Director: Jonathan Liebsman

Starring: Megan Fox, Will Arnett, William Fichtner, Johnny Knoxville, Tony Shalhoub and Whoopi Goldberg

Studio: Paramount Studios

Rated: PG-13

Length: 1 Hr, 41 Mins

From the late 80’s until the early 90’s, the Teenage Mutant Teenage Turtles were a juggernaut. Originally an independent comic book that was toned down and kiddified, the quartet of mutated turtle warriors named after renaissance artists could be seen on after school and Saturday morning cartoons, best selling video games, a popular line of toys and just about anything else their faces could be slapped on and sold for a buck. There was even a pair of live action movies. During their heyday, the Turtles ruled the heap of childhood cool, so fans of the heroes in a half shell were understandably nervous about the new movie adaptation (Hollywood doesn’t exactly have a sterling record when it comes to adapting cherished childhood properties to film). Concerns and doubts deepened even further when it was revealed that Michael Bay was producing the new movie, and when rumours began circulating that he was planning on dramatically changing their backstory, there was a virtual tsunami off online pushback (and casting Megan Fox as news reporter April O’Neil didn’t win many converts either). Turns out fans didn’t have to worry.

New York City is under siege from a mysterious criminal syndicate known as the Foot Clan. The police and government are powerless to stop them and the Foot rule both the streets and the shadows. April O’Neil (Megan Fox) is an ambitious young reporter stuck covering “fluff and froth” stories for the local news until she stumbles on the existence of a vigilante that’s begun opposing the Foot. Pursuing the story further, she learns that there are four vigilantes protecting New York, and they’re anything but human. She soon learns that the Teenage Mutant Ninja Turtles (and their father/sensei Splinter, a mutated rat) are entwined with her own tragic past, and they soon find themselves co-operating to fight an enemy that threatens everyone in New York.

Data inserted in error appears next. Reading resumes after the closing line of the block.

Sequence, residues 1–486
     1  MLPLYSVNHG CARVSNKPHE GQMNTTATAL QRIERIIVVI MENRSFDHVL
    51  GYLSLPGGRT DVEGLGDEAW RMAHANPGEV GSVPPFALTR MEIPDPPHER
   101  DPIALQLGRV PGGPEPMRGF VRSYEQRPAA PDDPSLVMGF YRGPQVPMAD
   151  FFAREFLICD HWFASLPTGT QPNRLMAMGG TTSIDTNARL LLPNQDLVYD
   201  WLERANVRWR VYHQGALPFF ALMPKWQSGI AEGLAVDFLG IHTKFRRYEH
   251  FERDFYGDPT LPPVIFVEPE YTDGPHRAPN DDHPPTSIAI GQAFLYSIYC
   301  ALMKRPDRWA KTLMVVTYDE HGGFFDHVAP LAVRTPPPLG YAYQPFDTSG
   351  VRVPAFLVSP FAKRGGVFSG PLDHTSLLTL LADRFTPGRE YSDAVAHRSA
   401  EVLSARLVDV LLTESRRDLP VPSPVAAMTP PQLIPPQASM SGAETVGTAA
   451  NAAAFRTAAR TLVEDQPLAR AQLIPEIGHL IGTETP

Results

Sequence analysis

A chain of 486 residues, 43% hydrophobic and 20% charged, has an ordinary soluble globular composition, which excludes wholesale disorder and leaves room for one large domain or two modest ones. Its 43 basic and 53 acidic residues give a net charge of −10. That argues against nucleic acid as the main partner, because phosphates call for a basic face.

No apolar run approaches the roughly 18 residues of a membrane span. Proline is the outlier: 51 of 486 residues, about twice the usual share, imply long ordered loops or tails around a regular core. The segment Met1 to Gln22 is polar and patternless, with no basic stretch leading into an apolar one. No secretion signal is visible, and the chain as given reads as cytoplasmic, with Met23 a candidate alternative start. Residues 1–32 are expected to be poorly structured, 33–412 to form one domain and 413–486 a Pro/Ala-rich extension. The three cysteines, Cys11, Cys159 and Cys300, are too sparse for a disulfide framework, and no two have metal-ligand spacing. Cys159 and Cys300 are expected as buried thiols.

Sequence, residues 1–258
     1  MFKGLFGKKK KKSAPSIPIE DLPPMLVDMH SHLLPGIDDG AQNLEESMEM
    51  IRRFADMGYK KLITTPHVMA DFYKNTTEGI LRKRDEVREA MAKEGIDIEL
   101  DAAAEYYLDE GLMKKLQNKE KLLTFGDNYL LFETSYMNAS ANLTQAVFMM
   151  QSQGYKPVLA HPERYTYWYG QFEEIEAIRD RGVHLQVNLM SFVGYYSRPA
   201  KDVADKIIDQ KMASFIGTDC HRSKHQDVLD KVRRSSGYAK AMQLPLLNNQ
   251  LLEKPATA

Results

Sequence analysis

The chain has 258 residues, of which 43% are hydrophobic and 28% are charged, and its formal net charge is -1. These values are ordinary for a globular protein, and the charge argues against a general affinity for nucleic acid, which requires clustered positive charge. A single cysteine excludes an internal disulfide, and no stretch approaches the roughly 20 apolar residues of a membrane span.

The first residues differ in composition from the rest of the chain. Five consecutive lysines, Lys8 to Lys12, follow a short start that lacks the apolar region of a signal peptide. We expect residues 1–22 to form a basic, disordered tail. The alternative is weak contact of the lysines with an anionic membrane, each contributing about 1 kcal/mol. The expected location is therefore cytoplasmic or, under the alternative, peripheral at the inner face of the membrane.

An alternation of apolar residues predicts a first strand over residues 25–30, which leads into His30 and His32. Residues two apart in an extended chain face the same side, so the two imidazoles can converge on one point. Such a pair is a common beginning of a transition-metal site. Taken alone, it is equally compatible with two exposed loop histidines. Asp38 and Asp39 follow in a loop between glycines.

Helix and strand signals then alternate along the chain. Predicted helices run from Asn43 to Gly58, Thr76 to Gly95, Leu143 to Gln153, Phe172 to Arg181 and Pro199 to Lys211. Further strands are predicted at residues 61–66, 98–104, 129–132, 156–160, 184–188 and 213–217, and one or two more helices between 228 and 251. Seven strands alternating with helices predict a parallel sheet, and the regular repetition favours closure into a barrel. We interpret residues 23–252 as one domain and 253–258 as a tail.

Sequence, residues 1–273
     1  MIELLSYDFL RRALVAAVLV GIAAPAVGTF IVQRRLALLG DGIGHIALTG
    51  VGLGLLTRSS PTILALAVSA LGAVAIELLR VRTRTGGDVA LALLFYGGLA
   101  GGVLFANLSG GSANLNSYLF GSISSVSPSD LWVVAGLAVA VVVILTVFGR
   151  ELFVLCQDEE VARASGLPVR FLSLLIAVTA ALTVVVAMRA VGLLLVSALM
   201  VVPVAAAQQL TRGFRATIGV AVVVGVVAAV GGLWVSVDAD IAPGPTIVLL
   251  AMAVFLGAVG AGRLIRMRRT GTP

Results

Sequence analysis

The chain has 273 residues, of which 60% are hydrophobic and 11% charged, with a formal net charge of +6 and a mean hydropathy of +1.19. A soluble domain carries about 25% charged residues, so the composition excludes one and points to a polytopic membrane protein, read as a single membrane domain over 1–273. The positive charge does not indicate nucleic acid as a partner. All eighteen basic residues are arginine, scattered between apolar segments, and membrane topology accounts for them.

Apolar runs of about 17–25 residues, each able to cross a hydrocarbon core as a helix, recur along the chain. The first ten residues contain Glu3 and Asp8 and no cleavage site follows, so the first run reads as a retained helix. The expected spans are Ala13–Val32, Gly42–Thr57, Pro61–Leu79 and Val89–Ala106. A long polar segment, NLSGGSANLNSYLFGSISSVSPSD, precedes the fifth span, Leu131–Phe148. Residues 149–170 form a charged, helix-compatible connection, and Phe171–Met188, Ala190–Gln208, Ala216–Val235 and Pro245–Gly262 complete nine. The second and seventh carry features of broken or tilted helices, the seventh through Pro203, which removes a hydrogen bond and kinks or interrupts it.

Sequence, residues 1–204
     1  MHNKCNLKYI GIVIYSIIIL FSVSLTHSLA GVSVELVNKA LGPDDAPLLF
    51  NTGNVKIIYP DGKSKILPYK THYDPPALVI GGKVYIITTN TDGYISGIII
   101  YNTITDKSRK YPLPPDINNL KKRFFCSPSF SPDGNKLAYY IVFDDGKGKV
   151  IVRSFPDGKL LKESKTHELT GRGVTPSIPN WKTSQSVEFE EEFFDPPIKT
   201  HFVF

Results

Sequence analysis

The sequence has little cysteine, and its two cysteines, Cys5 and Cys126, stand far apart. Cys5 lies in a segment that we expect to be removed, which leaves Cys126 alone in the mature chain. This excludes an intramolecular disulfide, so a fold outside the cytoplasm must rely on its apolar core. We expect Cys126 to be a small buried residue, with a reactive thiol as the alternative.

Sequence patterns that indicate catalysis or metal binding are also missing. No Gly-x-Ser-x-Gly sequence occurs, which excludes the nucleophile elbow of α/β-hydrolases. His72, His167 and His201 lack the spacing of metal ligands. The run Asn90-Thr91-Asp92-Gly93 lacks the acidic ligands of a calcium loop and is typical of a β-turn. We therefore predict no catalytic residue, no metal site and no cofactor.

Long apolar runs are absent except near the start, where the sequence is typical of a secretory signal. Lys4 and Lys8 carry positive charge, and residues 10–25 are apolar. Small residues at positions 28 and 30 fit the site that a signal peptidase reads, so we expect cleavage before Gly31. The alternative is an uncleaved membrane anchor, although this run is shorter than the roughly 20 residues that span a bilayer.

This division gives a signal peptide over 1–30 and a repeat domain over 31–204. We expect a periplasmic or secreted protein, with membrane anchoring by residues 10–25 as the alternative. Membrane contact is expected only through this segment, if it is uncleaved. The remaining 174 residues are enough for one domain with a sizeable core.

TMNT is a fun movie that will appeal to the kid inside you while entertaining the actual kids beside you. A summer popcorn movie that never comes close to taking itself seriously (it is a movie about giant talking turtles skilled in nin-jitsu, after all) it’s pure, lighthearted entertainment. The plot is as straight forward as you can get, moving briskly from scene to scene almost like a comic book, never lingering too long on any particular detail, and director Jonathan Liebsman maintains a healthy blend of action and comedy. Like Transformers, the humans are mere set pieces and relegated to supporting roles while the movie centres on the turtles and their introduction to the world. As a kid, my favourite turtle was Raphael, the sarcastic smart ass (go figure), but here’s he a brash, hard headed, reckless loner and the movie provides surprising depth between him and his brother turtles. The special effects are slick and seamless and the action scenes are fresh and captivating (in previous movie versions, the turtles were played by actors in prosthetic body suits but this new incarnation uses body capture and CGI technology perfected in the Lord of the Rings and Planet of the Apes movies). This version of TMNT also arguably offers the most intimidating Shredder outside of the comic book pages, an ominous, unstoppable presence that looks like he could go a few rounds with the Man of Steel. While some liberties are taken with the characters’ story (the first black and white comic book appeared on store shelves over 30 years ago), the movie is filled with Easter eggs and nods aimed at purists and hardcore fans.

Is this the launch of a new franchise? Paramount may hope so, but that depends on this one’s box office performance. And guaranteed there will be some long time turtle fans upset or offended by the movie (there’s already an online community devoted to hating the turtles nostrils), but TMNT is a simple movie that takes little effort to enjoy. If you were a fan of the 80’s cartoon (or movies), or are still on speaking terms with your inner child, Turtles will provide you a nice window back into your childhood.

Shayne Kempton


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